By guest blogger Don Lafferty
Twitter isn’t just for geeks and early adopters. Early adopters have been on Twitter for a couple of years now figuring out the best ways to use this tool, and while Twitter continues to evolve, its value to a writer is unquestionable.
Those of you who know me know I’ve been there from the beginning, watching, learning, experimenting, and making a ton of mistakes along the way.
Now I actually make a living advising people – mostly authors and publishers – on the effective use of Web-based tools like Twitter for marketing. So here’s some easy advice from the trenches:
Sign up for a free Twitter account: http://twitter.com
Use a picture of your face as your profile pic and be sure to include a link to your website, blog or Facebook page in the bio section.
Sign up for a free bit.ly account: http://bit.ly/ Bit.ly is a URL shortening tool; very important in an environment that only allows you to write in 140 character bursts.
Download and sign up for a free TweetDeck application: http://tweetdeck.com
Link your Twitter and bit.ly accounts to your TweetDeck.
Google “twitter Directories” and follow the people who represent the readers, contemporaries or connectors in your genre or area of expertise. Here’s a link to an article I wrote some time ago that’ll get you started: http://bit.ly/1uFhku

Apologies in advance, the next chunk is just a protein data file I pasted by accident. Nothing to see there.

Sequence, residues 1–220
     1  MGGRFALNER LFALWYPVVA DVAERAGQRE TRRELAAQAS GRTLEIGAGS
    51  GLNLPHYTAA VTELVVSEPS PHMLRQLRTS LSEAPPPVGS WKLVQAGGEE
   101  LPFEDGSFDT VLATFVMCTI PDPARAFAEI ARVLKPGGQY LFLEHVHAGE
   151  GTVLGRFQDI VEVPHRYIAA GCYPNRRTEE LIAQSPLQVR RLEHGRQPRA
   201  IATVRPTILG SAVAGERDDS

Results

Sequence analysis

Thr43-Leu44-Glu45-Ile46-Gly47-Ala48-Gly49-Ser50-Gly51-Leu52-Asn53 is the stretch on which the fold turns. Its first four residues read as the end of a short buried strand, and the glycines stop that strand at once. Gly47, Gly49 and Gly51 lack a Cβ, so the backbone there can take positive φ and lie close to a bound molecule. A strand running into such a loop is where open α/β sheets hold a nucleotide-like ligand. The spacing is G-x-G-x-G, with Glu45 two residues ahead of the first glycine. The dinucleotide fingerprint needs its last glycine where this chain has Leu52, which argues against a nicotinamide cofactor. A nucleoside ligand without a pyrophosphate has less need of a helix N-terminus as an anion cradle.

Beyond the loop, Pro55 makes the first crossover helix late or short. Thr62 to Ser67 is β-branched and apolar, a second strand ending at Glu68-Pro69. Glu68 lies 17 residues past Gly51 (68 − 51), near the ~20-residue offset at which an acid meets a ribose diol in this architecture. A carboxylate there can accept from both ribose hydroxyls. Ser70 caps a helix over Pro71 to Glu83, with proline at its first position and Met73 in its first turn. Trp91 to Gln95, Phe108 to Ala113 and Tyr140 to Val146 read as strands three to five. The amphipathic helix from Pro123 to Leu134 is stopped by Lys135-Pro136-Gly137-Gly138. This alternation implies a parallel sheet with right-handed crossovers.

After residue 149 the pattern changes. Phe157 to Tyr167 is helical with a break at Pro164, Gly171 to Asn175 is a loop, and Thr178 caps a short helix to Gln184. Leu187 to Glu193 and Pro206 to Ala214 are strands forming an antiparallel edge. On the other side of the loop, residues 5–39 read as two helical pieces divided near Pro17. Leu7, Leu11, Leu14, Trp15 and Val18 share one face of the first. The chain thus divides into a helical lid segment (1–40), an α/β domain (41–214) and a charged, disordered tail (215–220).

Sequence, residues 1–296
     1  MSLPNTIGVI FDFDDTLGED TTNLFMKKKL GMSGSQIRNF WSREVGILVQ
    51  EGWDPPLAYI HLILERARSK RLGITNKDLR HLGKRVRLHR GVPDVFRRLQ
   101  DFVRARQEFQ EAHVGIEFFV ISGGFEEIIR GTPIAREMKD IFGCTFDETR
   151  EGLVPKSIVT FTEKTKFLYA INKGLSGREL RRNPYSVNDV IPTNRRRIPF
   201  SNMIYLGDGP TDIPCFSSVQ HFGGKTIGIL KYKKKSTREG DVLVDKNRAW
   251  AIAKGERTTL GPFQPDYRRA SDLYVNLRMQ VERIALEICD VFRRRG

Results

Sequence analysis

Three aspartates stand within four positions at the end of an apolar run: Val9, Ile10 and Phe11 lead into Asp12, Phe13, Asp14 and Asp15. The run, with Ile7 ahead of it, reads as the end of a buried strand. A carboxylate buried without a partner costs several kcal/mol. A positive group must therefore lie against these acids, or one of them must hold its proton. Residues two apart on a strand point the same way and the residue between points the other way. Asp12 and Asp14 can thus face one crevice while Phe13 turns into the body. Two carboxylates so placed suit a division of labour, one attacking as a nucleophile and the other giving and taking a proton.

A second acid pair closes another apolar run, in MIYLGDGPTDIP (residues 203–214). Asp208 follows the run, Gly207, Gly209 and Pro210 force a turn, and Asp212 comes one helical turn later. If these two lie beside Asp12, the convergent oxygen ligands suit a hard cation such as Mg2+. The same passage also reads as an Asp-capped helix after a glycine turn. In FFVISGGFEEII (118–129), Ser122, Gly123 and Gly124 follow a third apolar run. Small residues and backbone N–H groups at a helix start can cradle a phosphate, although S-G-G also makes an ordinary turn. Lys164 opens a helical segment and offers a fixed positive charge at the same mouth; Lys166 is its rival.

When you find somebody on Twitter in your sweet spot, look at their “lists”. These are lists other Twitter users have put together based on THEIR personal interests and objectives.
Once you have this all set up, just listen for a while. A week. A month. Whatever it takes for you to get a feel for the way this community works.
Find the authors on Twitter who you aspire to and watch them. See the way they engage their communities by providing useful links, commenting on the stuff others in their communities say, and every now and then, mentioning their own stuff.
Watch the way people use the @ reply to direct a comment at a particular person; to get their attention.
Once you feel comfortable with the dynamics of the community, start tweeting yourself. For a while don’t tweet ANYTHING about yourself. Provide value to your community by tweeting interesting links to the kind of things you know they’ll like.
How will you know?
Because you chose the people in your network based on the definition of YOUR target reader, the other authors and experts in your genre or space, and the connectors – media and bloggers – whose job is to talk about people like you.
I know it sound like a lot, but the checklist I gave you should take 10-15 minutes tops.
Getting to know your way around Twitter will take some time, but if you listen and learn, you’ll build a community of like-minded people who will actually care about you, the stuff you say AND, the stuff you write.
Still confused? Drop Don a tweet: http://twitter.com/donlafferty